• Given an Honorary Fulbright Award, in recognition of her efforts in the field of child development and education,
  • The "Together for Peace Foundation" bestowed upon Mubarak "The 1992 Enrique de la Mata International Prize for Peace" in recognition of her promotion of child development and alleviating the suffering of victims of natural disasters.
  • The Rotary Foundation of Rotary International named Mubarak in 1992 a "Paul Harris Fellow" in appreciation of the assistance for the furthering of better understanding and friendly relations between peoples of the world.
  • The "Health for All Gold Medal", the highest distinction awarded by the World Health Organization, was conferred upon Mubarak in June 1994 in recognition of her contributions to improving the quality of life of the women and children of Egypt and her commitment to international efforts aimed at integrating health in the development process.
  • Mubarak received the International Book Committee, International Book Award in April 1995 in recognition of her efforts to promote reading in Egypt.
  • Soka University bestowed upon Mubarak its Award of Highest Honour in April 1995.
  • Westminster College, New Wilmington, honoured Mubarak with the degree of Doctor of Laws in recognition of her achievement for the people of Egypt and in causes valued by the international community.
  • "The American World Book Association for Publication Award" in recognition of her role in the publication of books and her efforts in supporting the campaign of "Reading for All".
  • "Award of the Arab Publishers Federation" in recognition of her efforts in promoting Arab literature. Cairo, 1996.
  • The UNESCO Avicenna Medal in recognition of her role in promoting cultural activities in Egypt, 1997. The award "honours heads of state and other personalities who have made a significant contribution to the advancement of UNESCO’s goals".[13]
  • "Prize of Tolerance", European Academy of Sciences and Arts, Salzburg, 1998.
  • "The Degree of Professor Counsellor", Shanghai University, April 1999.
  • "Honorary Doctor Degree", Iwa University, Seoul, for her efforts to promote women's education and social development in Egypt, April 1999.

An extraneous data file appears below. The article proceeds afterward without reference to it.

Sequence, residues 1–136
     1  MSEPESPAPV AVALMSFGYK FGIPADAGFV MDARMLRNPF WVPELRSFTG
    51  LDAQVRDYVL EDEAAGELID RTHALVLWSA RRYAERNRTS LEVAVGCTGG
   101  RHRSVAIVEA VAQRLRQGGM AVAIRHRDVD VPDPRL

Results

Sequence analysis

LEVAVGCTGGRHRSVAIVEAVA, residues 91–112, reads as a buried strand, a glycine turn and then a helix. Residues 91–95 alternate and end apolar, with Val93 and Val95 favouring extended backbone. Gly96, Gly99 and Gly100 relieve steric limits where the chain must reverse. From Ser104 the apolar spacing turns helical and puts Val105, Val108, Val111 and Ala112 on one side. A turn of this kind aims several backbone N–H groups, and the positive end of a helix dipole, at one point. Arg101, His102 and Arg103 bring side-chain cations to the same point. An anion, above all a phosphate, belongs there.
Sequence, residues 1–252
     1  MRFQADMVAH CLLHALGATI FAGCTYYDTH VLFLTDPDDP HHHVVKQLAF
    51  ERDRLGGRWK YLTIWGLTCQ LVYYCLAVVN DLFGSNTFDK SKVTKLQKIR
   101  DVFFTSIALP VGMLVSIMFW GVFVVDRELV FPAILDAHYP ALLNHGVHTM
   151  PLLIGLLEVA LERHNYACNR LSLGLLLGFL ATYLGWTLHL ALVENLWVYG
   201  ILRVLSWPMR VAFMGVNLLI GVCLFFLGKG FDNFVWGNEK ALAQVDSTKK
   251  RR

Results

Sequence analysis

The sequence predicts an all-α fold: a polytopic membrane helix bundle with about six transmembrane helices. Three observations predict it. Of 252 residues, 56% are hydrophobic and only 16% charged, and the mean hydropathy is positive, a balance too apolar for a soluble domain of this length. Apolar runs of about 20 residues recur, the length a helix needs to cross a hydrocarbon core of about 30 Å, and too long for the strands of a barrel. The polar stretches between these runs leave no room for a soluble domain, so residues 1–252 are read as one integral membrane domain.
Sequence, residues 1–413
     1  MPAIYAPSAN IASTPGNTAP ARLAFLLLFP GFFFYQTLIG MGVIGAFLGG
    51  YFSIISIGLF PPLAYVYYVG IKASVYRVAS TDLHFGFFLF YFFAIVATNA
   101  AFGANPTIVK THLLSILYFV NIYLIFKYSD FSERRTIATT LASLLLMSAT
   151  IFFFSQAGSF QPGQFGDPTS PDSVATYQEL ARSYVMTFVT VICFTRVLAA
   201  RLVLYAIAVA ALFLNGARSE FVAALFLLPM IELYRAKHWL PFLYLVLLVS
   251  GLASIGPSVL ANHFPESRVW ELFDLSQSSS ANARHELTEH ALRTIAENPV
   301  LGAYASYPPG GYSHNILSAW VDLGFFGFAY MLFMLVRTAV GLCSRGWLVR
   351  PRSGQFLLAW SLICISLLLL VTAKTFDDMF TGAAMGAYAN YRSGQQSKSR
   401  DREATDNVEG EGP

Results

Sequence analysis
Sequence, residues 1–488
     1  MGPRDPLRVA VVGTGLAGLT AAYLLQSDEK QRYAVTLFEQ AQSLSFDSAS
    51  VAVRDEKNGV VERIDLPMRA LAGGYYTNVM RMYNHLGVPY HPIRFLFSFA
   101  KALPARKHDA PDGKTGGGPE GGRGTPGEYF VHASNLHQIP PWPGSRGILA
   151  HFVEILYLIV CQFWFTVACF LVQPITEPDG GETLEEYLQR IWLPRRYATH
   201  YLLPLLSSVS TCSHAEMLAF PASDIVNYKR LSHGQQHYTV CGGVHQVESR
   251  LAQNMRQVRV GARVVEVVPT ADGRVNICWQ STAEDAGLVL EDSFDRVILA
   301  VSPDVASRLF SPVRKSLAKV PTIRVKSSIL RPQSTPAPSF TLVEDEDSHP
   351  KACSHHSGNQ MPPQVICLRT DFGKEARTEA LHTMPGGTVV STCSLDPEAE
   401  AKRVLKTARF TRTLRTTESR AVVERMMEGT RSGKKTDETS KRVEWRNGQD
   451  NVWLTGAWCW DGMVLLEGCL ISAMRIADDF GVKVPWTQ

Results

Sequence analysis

• The "Rotary Award" for her efforts in combating polio, June 1999.
  • "Honorary Doctor Degree for Humane letters", American University in Cairo, February 2000.
  • "Honorary Doctor Degree", American University in Spain, in recognition of her efforts in the social field in Egypt, February 2000.
  • "Honorary Doctor Degree", Azerbaijan State Economic University, in recognition of activities in field of education and her efforts to protect and promote women and children rights across the Arab world. November 2009
  • The Alexandria Regional Center for Women's Health and Development was formerly called The Suzanne Mubarak Regional Centre for Women's Health and Development, in recognition of her work on behalf of women in Egypt.
  • In December 2006 Mubarak received the Dr Rainer Hildebrandt Human Rights Award endowed by Alexandra Hildebrandt.

References[edit]

  1. ^ a b "Egypt's first ladies". Historica. Retrieved 2 March 2013.
  2. ^ "Egypt: Suzanne Mubarak 'recovering' from sudden illness". BBC. 14 May 2011. Retrieved 24 July 2012.
  3. ^ Mahnaimi, Uzi (12 June 2005). "Wife bids to build Mubarak dynasty". The Times.
  4. ^ Evans, Martin. "Egypt Crisis: Mubarak Family Profile – Telegraph."30 Jan. 2011. Web. 14 May 2011. [1].
  5. ^ a b c d Leary, Alex (14 February 1988). "A Greater Role for Egypt's First Lady". New York Times. Retrieved 16 May 2011.
  6. ^ a b Thurber, John. "Suzanne Mubarak's Literary Career|Los Angeles Times." |18 May 2011. [2].
  7. ^ Hendawi, Hamza. "Court: Remove Mubarak name from public facilities – Yahoo! News." 21 April 2011. [3].
  8. ^ "Archived copy". Archived from the original on 2 December 2008. Retrieved 19 July 2009.{{cite web}}: CS1 maint: archived copy as title (link)
  9. ^ "First Ladies Summit at FAO, Rome". FAO Newsroom. 5 November 2009.
  10. ^ a b "Egyptian Journo Jailed For Prez Reports" 26 March 2008. CBS News. Retrieved 17 May 2015.
  11. ^ Hays, Kathleen; Morris, Valerie; Willis, Gerri (10 December 2003). "Deadly Checkmate" (Free with registration). Egypt Today. America's Intelligence Wire. Retrieved 7 October 2010. the Egyptian Olympic Committee (EOC), headed by Gen. Mounir Sabet, the brother of the First Lady Suzanne Mubarak...
  12. ^ "Egypt: EU revokes sanctions framework and delists 9 people". Council of the European Union. 12 March 2021.
  13. ^ "Bundestag speaker addresses UNESCO general conference and receives award". UNESCO.

External links[edit]

Honorary titles
Preceded by First Lady of Egypt
1981–2011
Succeeded by